Page:Popular Science Monthly Volume 74.djvu/390

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386
THE POPULAR SCIENCE MONTHLY

THE HALO OF A HUNDRED YEARS[1] (FEBRUARY, 1809, TO FEBRUARY, 1909)
By Professor R. M. WENLEY
UNIVERSITY OF MICHIGAN

IN ordinary circumstances, a humble representative of Wissenschaft der Philosophie, like myself — a pursuer rather than a possessor of knowledge, would deem any poor words of his superfluous on such an occasion, and in an assembly composed chiefly of those who have consecrated their lives to the natural sciences. But, to-night, I am so bold as to proffer claim to a little niche, because we are to make a pregnant pause, and enjoy an interchange of ideas, in commemoration of the illustrious name, services and discoveries of Charles Robert Darwin, who first saw the light at Shrewsbury, on February 12, 1809, that memorable year of memorable infants.

Place aux dames, as if Darwin were not enough, 1809 gave us Elizabeth Barrett Browning, Mary Cowden Clarke, the Shakespeare scholar, and Fanny Kemble, the great actress. In science, it produced Grassmann and Liouville, the eminent mathematicians; the botanists K. H. E. Koch and George Engelmann; the geologist J. D. Forbes; Jakob Henle, the anatomist; Fitch, the economic entomologist; Stöckhardt, the founder of agricultural experiment stations; and Griscom, the physician. Its children made literature immensely their debtor, for, among them were Tennyson, Edgar Allan Poe, Charles Lever, Monckton Milnes (Lord Houghton), Oliver Wendell Holmes, Mark Lemon (the humorist), Edward Fitzgerald, who rendered Omar Khayyam an English classic; Paludan-Müller, an ornament of Scandanavian letters; Giusti, the Tuscan poet, whom his countrymen delight to call the Béranger of Italy; and Nikolaus Becker, author of that famous song, "Der deutsche Rhein." In music we owe it Chopin and Mendelssohn; in art, Diaz de la Peña, the French landscape painter; in history, Hefele, John Hill Burton, Kinglake, Skene, Cronholm, Bruno Bauer, and Michael Horvath, greatest of Hungarian historians; in scholarship, Theodor Benfey and John Stuart Blackie; in theology, Isaac Dorner; and, in practical religion, Selwyn, the influential missionary-bishop of New Zealand. The educationist, Barnard; the jurist, Phillimore; the publicist, William Rathbone Greg; the philanthropist, Miall, and Baron Hausmann, who found Paris brick and left it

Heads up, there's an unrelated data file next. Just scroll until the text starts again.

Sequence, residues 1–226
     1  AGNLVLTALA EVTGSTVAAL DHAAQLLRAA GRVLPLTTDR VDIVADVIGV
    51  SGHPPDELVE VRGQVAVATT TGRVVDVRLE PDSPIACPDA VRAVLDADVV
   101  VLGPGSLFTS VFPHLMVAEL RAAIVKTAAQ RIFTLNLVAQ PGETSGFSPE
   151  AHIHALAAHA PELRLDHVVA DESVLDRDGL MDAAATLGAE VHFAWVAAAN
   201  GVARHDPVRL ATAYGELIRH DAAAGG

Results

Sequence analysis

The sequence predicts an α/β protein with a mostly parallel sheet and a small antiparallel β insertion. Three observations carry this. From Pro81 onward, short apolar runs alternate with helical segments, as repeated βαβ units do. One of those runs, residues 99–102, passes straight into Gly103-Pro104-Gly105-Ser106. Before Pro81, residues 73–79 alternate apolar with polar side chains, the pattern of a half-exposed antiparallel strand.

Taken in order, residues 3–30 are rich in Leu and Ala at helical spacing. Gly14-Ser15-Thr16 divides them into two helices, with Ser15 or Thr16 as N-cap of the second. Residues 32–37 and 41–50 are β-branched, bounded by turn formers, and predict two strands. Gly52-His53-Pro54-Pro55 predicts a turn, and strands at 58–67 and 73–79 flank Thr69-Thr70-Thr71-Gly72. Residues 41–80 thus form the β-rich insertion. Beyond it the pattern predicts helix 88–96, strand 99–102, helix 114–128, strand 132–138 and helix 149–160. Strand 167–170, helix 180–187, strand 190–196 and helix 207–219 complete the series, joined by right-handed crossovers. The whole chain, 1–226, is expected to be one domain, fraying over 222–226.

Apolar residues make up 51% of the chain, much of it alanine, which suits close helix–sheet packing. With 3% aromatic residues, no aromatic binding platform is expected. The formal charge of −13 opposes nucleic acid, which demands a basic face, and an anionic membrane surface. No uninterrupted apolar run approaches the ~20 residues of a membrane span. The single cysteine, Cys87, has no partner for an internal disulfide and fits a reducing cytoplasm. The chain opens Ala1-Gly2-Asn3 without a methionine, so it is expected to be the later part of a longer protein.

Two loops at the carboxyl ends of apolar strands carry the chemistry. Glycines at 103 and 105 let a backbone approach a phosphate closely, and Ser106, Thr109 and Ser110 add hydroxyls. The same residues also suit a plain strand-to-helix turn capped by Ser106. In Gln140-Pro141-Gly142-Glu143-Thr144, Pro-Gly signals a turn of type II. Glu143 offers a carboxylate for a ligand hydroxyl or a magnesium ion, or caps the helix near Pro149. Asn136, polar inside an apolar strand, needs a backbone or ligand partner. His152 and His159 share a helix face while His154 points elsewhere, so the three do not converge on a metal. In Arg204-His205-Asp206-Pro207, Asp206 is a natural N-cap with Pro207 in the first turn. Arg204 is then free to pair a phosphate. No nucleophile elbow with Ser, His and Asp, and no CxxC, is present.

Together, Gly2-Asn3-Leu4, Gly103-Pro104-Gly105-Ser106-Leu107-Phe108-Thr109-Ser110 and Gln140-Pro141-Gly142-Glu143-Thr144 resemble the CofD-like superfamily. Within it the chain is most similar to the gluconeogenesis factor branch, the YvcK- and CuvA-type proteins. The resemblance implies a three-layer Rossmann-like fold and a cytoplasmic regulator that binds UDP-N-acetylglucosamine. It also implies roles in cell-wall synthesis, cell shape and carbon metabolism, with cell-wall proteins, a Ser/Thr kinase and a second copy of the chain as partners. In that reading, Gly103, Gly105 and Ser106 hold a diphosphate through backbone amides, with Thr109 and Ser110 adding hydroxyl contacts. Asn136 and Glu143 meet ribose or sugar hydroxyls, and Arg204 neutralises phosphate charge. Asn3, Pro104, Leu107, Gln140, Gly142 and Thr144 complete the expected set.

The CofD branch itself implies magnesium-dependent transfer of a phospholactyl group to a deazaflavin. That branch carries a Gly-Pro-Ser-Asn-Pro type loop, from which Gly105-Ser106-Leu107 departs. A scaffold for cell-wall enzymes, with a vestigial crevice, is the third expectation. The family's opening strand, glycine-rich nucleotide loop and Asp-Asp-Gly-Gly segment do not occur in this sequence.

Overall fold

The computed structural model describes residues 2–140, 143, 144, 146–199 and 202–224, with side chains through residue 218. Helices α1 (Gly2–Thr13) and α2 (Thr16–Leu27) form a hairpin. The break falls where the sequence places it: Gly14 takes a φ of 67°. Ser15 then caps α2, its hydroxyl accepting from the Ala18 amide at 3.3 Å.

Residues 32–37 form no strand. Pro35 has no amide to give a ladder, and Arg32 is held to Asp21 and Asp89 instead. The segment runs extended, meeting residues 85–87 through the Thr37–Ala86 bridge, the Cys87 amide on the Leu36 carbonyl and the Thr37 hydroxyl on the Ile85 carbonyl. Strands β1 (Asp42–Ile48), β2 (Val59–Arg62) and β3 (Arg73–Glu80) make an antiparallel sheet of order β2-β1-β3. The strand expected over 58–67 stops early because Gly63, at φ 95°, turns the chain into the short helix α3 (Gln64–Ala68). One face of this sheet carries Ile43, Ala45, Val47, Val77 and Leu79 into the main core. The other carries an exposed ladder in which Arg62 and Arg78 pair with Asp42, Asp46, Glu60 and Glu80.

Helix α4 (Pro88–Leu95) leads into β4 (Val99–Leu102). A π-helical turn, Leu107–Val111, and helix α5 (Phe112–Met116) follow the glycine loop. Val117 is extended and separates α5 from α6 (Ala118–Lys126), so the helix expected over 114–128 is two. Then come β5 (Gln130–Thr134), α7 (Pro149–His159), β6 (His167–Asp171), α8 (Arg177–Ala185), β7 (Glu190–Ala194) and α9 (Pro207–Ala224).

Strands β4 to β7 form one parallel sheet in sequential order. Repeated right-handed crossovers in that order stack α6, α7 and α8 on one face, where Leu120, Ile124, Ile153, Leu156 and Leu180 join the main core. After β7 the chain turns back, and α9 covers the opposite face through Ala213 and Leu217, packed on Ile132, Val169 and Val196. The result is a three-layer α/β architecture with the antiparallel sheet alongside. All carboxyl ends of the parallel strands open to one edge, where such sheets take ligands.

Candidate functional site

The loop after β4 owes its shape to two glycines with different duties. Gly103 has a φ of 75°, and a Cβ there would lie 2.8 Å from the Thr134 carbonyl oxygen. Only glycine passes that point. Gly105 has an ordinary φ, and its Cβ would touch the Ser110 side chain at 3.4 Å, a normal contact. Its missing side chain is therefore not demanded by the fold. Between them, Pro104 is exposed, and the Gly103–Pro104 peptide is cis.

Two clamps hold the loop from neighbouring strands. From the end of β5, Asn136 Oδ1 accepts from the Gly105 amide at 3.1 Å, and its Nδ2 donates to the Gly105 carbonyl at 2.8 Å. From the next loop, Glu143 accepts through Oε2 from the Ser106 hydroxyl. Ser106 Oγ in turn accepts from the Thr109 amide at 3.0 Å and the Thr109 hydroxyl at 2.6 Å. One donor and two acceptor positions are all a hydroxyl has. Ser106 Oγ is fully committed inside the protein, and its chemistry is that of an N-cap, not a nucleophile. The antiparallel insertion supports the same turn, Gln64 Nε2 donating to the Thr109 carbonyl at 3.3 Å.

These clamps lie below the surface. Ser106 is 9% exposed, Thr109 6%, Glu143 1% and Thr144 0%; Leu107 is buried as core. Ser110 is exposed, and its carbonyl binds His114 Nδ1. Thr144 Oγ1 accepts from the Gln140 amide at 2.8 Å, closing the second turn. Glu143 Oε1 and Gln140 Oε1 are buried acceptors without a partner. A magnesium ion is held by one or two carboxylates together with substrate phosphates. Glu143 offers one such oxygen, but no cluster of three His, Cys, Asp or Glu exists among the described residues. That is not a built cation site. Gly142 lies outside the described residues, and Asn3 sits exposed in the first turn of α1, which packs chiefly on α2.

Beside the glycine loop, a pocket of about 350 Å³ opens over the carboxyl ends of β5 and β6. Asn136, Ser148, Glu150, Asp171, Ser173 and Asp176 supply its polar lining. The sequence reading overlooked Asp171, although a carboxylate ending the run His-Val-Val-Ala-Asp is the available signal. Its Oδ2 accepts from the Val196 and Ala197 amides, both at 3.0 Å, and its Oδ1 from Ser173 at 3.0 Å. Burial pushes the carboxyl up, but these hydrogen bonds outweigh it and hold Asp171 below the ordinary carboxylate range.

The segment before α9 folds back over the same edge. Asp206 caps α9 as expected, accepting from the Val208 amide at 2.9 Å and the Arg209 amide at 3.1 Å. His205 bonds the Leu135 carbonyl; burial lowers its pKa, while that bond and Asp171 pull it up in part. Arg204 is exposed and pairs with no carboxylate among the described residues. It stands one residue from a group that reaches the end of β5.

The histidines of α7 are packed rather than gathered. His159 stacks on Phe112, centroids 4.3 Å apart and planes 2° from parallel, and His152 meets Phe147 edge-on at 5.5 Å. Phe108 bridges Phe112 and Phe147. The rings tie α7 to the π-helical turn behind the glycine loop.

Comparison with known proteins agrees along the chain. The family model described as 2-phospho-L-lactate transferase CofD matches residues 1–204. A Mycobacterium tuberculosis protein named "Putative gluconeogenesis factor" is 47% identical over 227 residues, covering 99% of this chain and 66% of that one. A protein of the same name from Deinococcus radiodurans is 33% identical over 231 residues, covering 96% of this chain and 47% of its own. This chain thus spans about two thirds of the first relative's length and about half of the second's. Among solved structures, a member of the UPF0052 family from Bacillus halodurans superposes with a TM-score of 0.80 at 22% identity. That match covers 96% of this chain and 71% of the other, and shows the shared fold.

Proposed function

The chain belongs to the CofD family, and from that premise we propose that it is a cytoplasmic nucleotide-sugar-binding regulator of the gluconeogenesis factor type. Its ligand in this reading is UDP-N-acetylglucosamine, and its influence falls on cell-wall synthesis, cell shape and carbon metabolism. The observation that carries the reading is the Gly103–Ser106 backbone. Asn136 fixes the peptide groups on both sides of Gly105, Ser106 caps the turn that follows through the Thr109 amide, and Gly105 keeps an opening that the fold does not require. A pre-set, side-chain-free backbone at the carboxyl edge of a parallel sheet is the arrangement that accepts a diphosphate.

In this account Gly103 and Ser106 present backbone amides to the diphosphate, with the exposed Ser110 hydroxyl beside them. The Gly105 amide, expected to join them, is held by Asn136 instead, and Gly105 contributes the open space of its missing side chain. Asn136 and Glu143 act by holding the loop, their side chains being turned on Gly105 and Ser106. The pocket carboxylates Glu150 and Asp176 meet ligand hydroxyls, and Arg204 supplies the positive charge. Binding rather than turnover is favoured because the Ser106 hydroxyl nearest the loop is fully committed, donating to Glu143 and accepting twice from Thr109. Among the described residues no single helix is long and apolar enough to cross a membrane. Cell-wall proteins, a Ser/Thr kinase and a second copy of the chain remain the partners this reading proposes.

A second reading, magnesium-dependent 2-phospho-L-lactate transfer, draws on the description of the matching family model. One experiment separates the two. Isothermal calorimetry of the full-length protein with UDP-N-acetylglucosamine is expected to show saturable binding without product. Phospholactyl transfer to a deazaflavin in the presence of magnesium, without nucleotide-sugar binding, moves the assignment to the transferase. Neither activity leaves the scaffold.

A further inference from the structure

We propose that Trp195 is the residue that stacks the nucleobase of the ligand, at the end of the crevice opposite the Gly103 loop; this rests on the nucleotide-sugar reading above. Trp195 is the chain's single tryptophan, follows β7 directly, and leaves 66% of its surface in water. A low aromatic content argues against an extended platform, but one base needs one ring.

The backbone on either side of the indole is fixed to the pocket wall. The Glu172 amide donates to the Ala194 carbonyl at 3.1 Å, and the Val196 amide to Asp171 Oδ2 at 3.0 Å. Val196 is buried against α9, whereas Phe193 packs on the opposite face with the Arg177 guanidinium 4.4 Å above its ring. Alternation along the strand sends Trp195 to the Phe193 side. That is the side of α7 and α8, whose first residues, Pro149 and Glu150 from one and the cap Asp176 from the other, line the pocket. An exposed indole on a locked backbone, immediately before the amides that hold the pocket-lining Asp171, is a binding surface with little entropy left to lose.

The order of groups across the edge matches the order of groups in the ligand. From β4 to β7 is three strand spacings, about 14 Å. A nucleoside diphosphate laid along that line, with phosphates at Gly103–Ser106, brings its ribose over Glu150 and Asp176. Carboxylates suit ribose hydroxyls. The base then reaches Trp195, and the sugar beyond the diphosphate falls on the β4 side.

1. Address of the president of the Research Club of the University of Michigan, on the occasion of the Darwin commemoration.